Author + information
- Michelle Samuel, MPH,
- Tibor Schuster, PhD,
- Jay S. Kaufman, PhD,
- Robert W. Platt, PhD and
- James M. Brophy, MD, PhD, MEng∗ ()
- ↵∗Division of Cardiology, McGill University Health Centre, McGill University, 1001 Decarie Boulevard, Room C04.5011, Montreal QC H4A 3J1, Canada
The paper by Elze et al. (1) is an important investigation analyzing the application of different propensity score (PS) methods compared with covariate adjustment to estimate treatment effect in 4 cardiovascular studies. Although the article aimed to provide scientists with the necessary information to decide on the most suitable PS approach, necessary distinctions that would allow for a meaningful interpretation of the results have not been drawn.
Although mentioned as a limitation, marginal and conditional estimates produced by the different PS approaches were compared in the paper. Marginal methods estimate the population average and conditional methods the covariate-stratum-specific effect (2). The intrinsic differences between the model structures employed by these methods result in hazard ratios (HRs) that cannot be compared. The only exceptions are linear models and situations in which the true HR is 1. The phenomenon of incompatibility of conditional and marginal effect estimates is known as the noncollapsibility property and applies to various measures including HRs and odds ratios (2). For example, in the CHARM (Candesartan in Heart Failure Assessment of Reduction in Mortality and Morbidity) study, marginal models compare the risk of all-cause mortality in beta-blocker users and nonusers, whereas conditional models compare mortality risk in users and nonusers with similar covariates (1).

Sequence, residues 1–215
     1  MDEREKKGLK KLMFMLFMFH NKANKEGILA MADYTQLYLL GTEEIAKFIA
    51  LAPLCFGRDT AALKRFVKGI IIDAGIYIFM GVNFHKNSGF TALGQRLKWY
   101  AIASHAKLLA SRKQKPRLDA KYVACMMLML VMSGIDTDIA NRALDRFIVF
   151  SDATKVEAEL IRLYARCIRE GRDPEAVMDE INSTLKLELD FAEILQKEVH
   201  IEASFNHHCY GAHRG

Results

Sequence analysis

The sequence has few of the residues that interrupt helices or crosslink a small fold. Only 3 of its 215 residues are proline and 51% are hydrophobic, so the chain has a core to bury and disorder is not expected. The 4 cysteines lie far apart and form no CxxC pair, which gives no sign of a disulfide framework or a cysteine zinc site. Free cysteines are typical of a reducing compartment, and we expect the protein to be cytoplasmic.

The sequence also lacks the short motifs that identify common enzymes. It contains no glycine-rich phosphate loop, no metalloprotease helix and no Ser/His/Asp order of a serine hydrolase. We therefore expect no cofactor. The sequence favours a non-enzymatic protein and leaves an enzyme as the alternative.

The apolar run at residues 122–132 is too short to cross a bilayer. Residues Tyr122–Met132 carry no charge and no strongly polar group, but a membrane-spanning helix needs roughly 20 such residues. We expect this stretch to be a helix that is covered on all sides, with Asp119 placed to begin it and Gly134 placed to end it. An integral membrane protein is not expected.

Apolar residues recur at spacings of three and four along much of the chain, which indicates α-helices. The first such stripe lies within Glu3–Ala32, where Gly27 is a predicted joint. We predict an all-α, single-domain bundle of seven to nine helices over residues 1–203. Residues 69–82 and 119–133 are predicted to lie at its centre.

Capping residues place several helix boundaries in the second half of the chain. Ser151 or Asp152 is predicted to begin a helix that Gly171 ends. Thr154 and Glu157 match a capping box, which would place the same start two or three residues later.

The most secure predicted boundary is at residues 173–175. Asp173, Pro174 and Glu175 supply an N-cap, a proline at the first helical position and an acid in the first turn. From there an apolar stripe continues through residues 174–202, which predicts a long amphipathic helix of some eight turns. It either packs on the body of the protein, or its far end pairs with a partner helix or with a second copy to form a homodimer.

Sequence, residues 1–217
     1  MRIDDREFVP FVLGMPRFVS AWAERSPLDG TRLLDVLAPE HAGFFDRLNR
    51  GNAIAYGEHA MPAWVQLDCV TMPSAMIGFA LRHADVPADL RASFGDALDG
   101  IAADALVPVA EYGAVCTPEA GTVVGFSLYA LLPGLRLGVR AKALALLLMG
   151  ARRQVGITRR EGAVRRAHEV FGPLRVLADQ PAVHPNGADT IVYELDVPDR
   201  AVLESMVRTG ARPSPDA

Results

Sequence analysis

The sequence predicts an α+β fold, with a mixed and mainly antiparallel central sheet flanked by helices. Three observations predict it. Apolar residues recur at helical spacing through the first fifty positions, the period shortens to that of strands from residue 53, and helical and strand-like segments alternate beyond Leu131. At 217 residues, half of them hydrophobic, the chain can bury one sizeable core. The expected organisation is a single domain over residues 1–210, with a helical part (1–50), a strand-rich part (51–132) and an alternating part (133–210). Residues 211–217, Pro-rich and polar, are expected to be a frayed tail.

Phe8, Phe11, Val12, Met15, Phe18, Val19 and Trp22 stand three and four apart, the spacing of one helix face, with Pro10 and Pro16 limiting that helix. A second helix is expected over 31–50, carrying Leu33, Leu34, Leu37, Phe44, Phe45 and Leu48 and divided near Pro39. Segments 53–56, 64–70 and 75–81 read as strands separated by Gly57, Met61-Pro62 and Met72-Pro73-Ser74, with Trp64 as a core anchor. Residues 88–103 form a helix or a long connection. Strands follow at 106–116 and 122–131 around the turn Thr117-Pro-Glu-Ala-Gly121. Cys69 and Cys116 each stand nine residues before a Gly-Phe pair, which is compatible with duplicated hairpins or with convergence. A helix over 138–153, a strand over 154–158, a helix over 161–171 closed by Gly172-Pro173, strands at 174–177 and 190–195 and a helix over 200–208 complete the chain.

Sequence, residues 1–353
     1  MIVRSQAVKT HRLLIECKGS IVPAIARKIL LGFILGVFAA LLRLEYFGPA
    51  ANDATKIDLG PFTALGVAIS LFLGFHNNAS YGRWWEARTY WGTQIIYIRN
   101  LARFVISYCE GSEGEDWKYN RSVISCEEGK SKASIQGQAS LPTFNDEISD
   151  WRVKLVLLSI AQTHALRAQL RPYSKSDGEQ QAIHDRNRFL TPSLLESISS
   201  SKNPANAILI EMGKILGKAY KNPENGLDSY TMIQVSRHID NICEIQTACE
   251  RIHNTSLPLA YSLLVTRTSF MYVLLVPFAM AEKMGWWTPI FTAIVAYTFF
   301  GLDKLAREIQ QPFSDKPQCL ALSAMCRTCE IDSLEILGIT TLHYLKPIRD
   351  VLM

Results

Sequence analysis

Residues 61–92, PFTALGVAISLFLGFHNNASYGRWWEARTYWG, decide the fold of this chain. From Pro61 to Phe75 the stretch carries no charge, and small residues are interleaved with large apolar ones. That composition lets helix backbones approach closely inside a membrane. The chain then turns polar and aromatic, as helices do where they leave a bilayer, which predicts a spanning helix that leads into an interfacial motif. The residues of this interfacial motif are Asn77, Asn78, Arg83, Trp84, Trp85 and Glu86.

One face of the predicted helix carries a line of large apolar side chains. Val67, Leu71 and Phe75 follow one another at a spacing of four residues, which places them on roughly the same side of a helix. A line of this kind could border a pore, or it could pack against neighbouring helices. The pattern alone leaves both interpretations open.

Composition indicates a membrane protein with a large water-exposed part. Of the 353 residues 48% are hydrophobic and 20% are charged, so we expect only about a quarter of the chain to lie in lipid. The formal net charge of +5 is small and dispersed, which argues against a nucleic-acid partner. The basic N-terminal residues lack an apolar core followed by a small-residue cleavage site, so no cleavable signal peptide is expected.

Further clarification may also be necessary for the authors’ assertion that “doubly robust methods all estimate conditional HR” as some doubly robust methods can produce marginal effect estimates (1,3).
Finally, and possibly most importantly, it is crucial to note that when using real-world data, the true effect remains unknown (4). Definitive statements on the actual performance of different inference methods can therefore not be made. For instance, in the presence of residual confounding, a larger standard error for a biased effect estimate may be desirable as the related confidence interval will be more likely to cover the true underlying effect, despite the bias. Confounding is a causal concept and cannot be adequately assessed with observational data alone (4).
Please note: The authors have reported that they have no relationships relevant to the contents of this paper to disclose. Deepak Bhatt, MD, MPH, served as Guest Editor-in-Chief for this paper.
- 2017 American College of Cardiology Foundation
- Elze M.C.,
- Gregson J.,
- Baber U.,
- et al.
- Funk M.J.,
- Westreich D.,
- Wiesen C.,
- Sturmer T.,
- Brookhart M.A.,
- Davidian M.
- Pearl J.